Your kitchen isn't just a kitchen anymore.
"The kitchen space has been redefined as another living space. The lines have been blurred between living room and kitchen," said Tim Matis, director of advertising at GE Appliances, which just completed a $1 billion overhaul of the unit to better reflect how appliances fit into consumer's lives.
The redo used consumer insights to make changes in everything from design to manufacturing and marketing, and the results will become clear Aug. 5 when GE breaks an aggressive new campaign themed "Reimagining Home."
The TV and digital effort from BBDO, New York, will highlight modern and minimalist "macro-design" changes, as well as technology innovations and consumer-inspired modifications. "We wanted to give a nod to consumers and their role in our process," said Mr. Matis.
The digital work, for instance, features "You Said" statements and GE's response, such as "You Said: It takes too long to fill a water bottle. So we developed hands-free auto-fill." Real-time social sentiments related to the kitchen, such as what people are talking about for dinner right now, will also pepper the GE appliance web site, said Juliana Cobb, exec creative director at BBDO.
"By paying a great deal of attention to how consumers live life in their homes and in their kitchens, GE is rethinking the way they design and engineer appliances," she said.
The timing is good for GE's push, as the $15.5 billion U.S. major household appliance industry is gingerly recovering after several years of declining revenue attributed to the housing market downturn and weakened consumer spending. Industry revenue declined at an average rate of 4.3% since 2008, according to IBISWorld, but the researcher expects a small uptick of 0.2% this year and an overall 2.8% average annual increase through 2018, propelling the U.S. industry revenue to $17.7 billion.
U.S. market-share leader Whirlpool recently noted a 75% increase in second quarter profits over first quarter, and raised its outlook for the year. GE reported an 8% increase in appliance revenue year over year for the second quarter, while Electrolux recorded a second-quarter increase of 3% in North American sales year-over-year.
Whirlpool, which includes Maytag and Kitchen Aid brands, holds a 40.9% market share in the U.S., followed by Electrolux at 23.8%, GE at 19.7% and LG Electronics at 7.4%, according to IBISWorld.
Advertising is on the upswing, too. Whirlpool spent $23.4 million in measured media on its Whirlpool and Maytag brands through May of this year versus $1.4 million during the same time period in 2012, according to Kantar Media. Electrolux increased spending more than six-fold to $6 million on its Frigidaire brand compared to less than $1 million during the same period. LG spent $11.2 million through May versus $3.4 million while GE spent $7.4 million versus $6.9 million in the first five months of this year compared with 2012.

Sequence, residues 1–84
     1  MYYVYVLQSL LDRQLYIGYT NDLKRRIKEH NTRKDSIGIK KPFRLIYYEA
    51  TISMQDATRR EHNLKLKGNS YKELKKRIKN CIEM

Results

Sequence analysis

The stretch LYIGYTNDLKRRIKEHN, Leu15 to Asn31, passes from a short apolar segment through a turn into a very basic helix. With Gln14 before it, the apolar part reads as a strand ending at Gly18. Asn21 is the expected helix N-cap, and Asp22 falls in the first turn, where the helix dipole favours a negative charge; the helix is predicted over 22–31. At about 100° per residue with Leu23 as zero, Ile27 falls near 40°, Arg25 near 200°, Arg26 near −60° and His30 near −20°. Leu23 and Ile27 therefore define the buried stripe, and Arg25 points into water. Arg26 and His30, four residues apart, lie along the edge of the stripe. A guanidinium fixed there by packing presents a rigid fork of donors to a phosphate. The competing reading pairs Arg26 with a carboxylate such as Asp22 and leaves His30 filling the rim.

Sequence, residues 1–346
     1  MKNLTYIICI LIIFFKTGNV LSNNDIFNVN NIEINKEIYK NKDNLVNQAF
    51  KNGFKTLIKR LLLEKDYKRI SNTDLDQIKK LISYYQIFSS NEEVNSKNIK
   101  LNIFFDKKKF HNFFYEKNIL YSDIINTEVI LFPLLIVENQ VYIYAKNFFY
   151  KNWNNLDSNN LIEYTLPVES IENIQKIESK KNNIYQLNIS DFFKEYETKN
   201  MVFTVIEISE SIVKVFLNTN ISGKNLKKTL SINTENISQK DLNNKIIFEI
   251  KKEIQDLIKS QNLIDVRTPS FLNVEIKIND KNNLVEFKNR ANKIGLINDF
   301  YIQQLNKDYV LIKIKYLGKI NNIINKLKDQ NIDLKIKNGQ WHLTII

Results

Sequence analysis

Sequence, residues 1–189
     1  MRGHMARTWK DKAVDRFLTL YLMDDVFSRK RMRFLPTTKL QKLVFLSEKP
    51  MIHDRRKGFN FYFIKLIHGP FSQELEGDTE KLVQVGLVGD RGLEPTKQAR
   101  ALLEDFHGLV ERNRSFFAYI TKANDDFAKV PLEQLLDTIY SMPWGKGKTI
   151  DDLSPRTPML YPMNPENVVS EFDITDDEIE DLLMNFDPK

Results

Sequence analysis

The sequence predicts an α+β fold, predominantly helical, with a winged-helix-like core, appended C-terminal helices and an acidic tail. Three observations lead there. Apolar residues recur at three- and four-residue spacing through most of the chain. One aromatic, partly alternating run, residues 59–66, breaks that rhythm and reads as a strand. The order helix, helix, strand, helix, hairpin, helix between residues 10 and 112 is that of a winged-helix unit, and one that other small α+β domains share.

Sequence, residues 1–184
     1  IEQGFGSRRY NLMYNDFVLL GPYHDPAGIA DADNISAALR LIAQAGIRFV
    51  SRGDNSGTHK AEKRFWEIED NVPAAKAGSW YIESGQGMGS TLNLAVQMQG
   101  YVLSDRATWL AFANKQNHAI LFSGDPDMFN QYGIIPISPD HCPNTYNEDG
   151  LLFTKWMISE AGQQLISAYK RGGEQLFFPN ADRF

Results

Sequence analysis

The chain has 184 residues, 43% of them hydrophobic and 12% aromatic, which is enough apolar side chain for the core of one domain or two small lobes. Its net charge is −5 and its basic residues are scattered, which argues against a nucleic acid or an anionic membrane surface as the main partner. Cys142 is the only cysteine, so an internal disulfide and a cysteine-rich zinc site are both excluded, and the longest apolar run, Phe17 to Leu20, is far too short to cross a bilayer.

Electrolux spending on its higher-end Electrolux brand was down year over year during that time period, however, it just began a new campaign in July, said Electrolux CMO John Weinstock. The campaign continues with TV star Kelly Ripa as spokesperson and TV ads highlight a new smart French door refrigerator and induction range built on the insight that consumers are entertaining at home more than ever. Electrolux has also created an online lifestyle magazine featuring entertaining, cooking, design and style content called "Live. Love. Lux."
"We see the market growing and accelerating greatly," Mr. Weinstock said. "We view it as a great time to invest in our brand."
Keep it simple
Bill Beck, a Whirlpool senior marketing director, said its "Designed to Simplify" brand campaign begun in early 2012, which includes the recent well-received "Teen Jeans" washing machine TV spot, has raised Whirlpool brand awareness by 3% since its launch.
That's important, he said, because consumers are now moving from the recessionary practice of replacing boxes as a necessity toward more aspirational devices seeking out desired features and innovations.
Gap Intelligence analyst Christine Boersing noted that in-store and print advertising for the refrigerator, range and laundry categories she tracks at retailers including Best Buy, Home Depot and Sears more than tripled during the Fourth of July holiday over the previous Memorial Day holiday. She expects the warming housing market to continue to drive up appliance in-store and overall advertising appliance spending.
Social media and digital will likely play important roles in the appliance revival as manufacturers try to build closer ties and build long-term relationships and brand affinity with consumers.
GE's new effort includes a social-media promotion beginning Aug. 19 using the hashtag #cookingfail that invites consumers to share kitchen cooking failure stories and photos. The greatest fail "winner" will get a chance at redemption with a celebrity chef in the TV and web kitchen featured in GE's marketing.
"From a digital perspective, it's about ongoing engagement," said Wendy Brown, head of GE Appliances digital marketing. "Going beyond this campaign, and growing the back room with content that engages people and keeps the relationship going."